BBC to pay damages to Cliff Richard for televising police raid

Entertainment

LONDON (Reuters) – British singer Cliff Richard won 210,000 pounds ($273,735) in damages on Wednesday after London’s High Court ruled the BBC had breached his privacy by televising a raid on his house which he said damaged his reputation and left him feeling violated.

Singer Cliff Richard arrives at the High Court for judgement in the privacy case he brought against the BBC, in central London, Britain, July 18, 2018. REUTERS/Toby Melville

The BBC broadcast detectives searching his home in August 2014 while Richard, 77, one of Britain’s best known entertainers, was away on holiday as part of an investigation into allegations of historical child sex offences.

Prosecutors later said he would face no charges due to lack of evidence and Richard, who maintained his innocence throughout the investigation, began legal action over the BBC’s reporting of the case.

Handing down his judgment, Justice Anthony Mann said the BBC had infringed Richard’s privacy rights “without a legal justification.”

Singer Cliff Richard arrives at the High Court for judgement in the privacy case he brought against the BBC, in central London, Britain, July 18, 2018. REUTERS/Toby Melville

“It did so in a serious and also in a somewhat sensationalist way,” he said in his judgment.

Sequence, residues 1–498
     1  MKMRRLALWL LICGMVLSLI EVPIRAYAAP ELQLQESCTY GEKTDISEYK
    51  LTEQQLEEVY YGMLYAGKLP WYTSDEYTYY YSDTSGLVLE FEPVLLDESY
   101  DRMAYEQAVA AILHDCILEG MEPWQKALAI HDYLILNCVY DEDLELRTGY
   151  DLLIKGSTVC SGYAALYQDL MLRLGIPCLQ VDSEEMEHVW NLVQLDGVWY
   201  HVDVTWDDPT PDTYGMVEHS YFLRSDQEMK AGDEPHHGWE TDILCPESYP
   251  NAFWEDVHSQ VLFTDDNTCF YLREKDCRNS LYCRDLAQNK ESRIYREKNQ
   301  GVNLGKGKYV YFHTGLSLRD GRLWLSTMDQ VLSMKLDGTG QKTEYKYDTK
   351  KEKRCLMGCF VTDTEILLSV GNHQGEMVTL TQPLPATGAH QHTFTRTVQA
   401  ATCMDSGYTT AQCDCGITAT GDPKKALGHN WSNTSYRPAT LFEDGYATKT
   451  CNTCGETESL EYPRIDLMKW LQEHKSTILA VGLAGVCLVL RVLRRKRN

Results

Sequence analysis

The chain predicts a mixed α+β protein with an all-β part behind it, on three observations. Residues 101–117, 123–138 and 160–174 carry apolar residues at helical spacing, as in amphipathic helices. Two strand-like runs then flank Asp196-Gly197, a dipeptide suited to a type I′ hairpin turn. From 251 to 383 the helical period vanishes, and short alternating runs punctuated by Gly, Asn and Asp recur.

“I have rejected the BBC’s case that it was justified in reporting as it did under its rights to freedom of expression and freedom of the press.”

Richard, born Harry Webb in 1940 and who was often called Britain’s Elvis Presley early in his career, cried as the verdict was delivered and hugged supporters in the courtroom.

Outside, fans sang “Congratulations”, one of his 14 UK number one singles in Britain.

Richard is the only singer to have topped the UK singles chart in five consecutive decades, from the 50s to the 90s, with hits such as “Living Doll” and “Summer Holiday”, and was knighted by Queen Elizabeth in 1995.

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After the police inquiry into Richard was dropped, the BBC said it was very sorry that he had suffered distress, but stood by its decision to report on the investigation and the search of his house.

Richard told the court he had felt violated and betrayed by the broadcast, and had suffered illness from the stress it caused. It had also had a major impact on his career.

“I accept all this evidence. It adds up to a life that was hugely affected for almost two years by loss of public status and reputation, embarrassment, stress, upset and hurt, with some consequential health effects,” Mann said in his ruling.

“All this is entirely understandable. None of it results from over-sensitivity. I also accept that practically all of this was caused by the BBC’s broadcasting the story in the first place.”

A review by lawmakers on a parliamentary committee in October 2014 criticized what it called the police’s “inept handling” of the situation, but said there had been nothing wrong in the BBC’s decision to run the story.

Before the High Court trial, South Yorkshire Police agreed to pay Richard 400,000 pounds for its role in the incident.

Reporting by Jo Heywood and Isabel Woodford, writing by Michael Holden, editing by Alistair Smout

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